One of the mysteries of the English language finally explained.
1The product of an integer and all the integers below it; e.g. factorial four (4!) is equal to 24.
- ‘Stirling wrote to De Moivre pointing out some errors that he had made in a table of logarithms of factorials in the book.’
- ‘They learned of each other's discoveries because each of them communicated his work to James Stirling, whose approximation for the factorial is a special case of the Euler-Maclaurin summation.’
- ‘The gamma function is undefined for zero and negative integers, from which we can conclude that factorials of negative integers do not exist.’
- ‘Now Stirling's formula is a classical approximation for the factorial function, and factorials are one way to evaluate binomial coefficients.’
- ‘The experiment was a completely randomized design, with eight treatment combinations, forming a 4 x 2 factorial (four clones and two watering regimes) with five plants in individual pots per treatment combination as replication.’
- 1.1 The product of a series of factors in an arithmetic progression.
- ‘In the proof below, we use the fact that e is the sum of the series of inverted factorials.’
- ‘‘A factorial is the product of consecutive numbers from 1 to that particular digit and is represented by placing a‘!’’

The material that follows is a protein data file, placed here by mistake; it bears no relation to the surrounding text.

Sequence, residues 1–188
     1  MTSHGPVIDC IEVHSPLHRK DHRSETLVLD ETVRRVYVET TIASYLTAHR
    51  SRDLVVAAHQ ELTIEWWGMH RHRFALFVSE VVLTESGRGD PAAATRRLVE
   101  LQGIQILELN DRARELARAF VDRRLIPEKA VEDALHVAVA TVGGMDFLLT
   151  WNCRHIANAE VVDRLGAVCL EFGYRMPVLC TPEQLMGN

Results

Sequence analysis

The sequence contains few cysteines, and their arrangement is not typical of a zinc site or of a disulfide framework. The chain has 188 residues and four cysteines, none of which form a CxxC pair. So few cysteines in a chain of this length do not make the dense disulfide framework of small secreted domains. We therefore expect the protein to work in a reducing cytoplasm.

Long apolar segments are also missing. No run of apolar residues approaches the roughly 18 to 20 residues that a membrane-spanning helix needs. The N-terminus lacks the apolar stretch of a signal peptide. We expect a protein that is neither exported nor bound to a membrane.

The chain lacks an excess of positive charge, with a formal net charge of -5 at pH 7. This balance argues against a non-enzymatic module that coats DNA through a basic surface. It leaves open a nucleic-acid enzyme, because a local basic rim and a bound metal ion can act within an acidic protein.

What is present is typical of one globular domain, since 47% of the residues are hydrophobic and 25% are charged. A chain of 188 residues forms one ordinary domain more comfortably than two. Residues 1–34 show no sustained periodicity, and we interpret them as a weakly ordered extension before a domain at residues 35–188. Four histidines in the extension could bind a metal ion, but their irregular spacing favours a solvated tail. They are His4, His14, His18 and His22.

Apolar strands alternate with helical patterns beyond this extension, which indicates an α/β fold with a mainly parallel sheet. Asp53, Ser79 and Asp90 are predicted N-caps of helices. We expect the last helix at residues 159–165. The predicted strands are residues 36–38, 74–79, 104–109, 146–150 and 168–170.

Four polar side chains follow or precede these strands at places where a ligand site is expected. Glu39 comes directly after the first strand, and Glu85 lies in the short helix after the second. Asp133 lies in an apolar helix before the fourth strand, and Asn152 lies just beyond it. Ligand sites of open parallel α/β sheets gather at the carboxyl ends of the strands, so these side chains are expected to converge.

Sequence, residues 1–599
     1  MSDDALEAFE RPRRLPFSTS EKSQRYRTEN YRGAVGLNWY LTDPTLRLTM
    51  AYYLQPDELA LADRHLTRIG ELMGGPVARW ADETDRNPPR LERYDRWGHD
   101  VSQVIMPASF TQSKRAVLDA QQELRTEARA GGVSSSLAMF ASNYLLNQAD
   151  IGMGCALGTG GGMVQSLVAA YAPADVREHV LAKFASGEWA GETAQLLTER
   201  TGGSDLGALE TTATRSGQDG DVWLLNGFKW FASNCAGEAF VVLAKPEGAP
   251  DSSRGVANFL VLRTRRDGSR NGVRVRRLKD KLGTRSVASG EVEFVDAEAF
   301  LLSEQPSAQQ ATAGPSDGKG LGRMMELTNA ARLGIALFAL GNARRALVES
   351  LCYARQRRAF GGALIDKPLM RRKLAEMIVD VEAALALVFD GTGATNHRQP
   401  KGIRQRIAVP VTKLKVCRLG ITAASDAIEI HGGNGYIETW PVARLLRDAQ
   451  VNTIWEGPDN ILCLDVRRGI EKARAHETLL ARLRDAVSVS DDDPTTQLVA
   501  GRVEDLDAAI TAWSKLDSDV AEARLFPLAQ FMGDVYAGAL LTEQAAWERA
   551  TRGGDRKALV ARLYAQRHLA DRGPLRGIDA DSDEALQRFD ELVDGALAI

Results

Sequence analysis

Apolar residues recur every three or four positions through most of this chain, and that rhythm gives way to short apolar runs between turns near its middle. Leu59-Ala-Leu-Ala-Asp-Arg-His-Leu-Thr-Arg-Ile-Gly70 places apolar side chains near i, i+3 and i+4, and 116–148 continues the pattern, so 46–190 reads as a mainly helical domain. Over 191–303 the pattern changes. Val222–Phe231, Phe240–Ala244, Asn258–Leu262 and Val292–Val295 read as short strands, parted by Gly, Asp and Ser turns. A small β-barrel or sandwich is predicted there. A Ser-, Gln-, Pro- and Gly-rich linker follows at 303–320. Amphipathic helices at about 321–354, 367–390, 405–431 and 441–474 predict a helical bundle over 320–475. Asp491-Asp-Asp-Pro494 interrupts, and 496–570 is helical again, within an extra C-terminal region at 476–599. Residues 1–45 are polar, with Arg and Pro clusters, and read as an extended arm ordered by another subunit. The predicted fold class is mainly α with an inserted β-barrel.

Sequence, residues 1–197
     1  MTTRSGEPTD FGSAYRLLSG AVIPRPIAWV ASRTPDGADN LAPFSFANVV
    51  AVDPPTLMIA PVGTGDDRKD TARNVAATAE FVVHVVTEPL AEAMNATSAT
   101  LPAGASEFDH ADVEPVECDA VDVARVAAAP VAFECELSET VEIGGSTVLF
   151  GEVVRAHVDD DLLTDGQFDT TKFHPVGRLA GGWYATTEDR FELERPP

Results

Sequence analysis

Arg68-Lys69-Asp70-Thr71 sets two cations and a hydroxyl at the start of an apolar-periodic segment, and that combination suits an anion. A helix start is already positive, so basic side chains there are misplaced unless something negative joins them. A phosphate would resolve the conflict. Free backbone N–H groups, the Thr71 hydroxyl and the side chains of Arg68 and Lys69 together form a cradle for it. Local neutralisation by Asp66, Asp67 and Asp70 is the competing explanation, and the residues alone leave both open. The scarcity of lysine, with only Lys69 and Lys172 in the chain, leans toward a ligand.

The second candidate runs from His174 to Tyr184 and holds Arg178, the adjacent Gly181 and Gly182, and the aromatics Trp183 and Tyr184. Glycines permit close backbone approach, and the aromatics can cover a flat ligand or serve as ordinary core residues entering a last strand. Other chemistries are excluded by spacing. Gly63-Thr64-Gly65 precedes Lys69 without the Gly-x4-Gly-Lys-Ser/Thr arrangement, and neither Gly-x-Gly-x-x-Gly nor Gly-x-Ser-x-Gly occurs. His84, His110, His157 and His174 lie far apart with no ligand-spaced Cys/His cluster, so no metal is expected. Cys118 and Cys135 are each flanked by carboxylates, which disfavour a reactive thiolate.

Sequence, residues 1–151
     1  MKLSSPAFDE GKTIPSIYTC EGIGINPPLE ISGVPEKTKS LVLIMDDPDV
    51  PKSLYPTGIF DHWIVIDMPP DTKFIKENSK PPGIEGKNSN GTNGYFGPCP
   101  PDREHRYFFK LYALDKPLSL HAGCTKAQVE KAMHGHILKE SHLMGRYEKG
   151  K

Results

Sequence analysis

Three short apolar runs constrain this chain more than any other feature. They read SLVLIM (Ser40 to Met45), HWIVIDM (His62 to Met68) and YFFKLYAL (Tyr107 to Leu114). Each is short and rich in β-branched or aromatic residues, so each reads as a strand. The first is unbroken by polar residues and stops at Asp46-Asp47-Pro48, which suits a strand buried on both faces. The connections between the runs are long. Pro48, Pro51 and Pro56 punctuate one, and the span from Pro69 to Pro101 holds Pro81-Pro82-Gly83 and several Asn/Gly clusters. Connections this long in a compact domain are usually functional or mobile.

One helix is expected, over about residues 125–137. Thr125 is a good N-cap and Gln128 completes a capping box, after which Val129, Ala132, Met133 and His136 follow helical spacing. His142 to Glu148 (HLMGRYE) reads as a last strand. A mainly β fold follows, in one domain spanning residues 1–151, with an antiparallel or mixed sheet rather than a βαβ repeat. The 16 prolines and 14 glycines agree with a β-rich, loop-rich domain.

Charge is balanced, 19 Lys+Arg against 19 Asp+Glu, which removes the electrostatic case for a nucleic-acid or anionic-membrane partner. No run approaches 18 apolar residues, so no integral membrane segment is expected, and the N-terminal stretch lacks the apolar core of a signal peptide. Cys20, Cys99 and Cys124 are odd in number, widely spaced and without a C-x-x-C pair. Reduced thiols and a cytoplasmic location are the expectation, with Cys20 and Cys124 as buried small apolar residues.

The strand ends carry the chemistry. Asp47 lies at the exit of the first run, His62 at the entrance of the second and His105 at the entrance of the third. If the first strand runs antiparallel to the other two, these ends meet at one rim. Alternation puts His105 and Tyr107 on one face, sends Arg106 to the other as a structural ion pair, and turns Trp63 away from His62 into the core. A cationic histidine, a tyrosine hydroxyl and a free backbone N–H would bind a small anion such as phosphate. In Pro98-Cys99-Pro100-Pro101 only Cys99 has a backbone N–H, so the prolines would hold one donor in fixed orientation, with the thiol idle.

Relating to a factor or factorial.‘a factorial design’
- ‘A 2 x 4 x 12 factorial design was used to assess the effects of light, temperature and month, respectively, on the germination of Spergularia marina seeds.’
- ‘Around 1926, a British statistician, Ronald Fisher, while working in the field of agriculture, developed a new form of experimentation called two-level factorial design.’
- ‘Our trial was of factorial design in order to compare three types of treatment within a single trial, in order to derive the maximum amount of data from the minimum number of patients.’
- ‘Experimental designs involving factorial combination of multiple independent variables call for some inventiveness when it comes to graphical presentation of data.’
- ‘One possible approach to make this search more systematic is the use of factorial design, which involves a set of experiments intended to identify important effects and interactions.’
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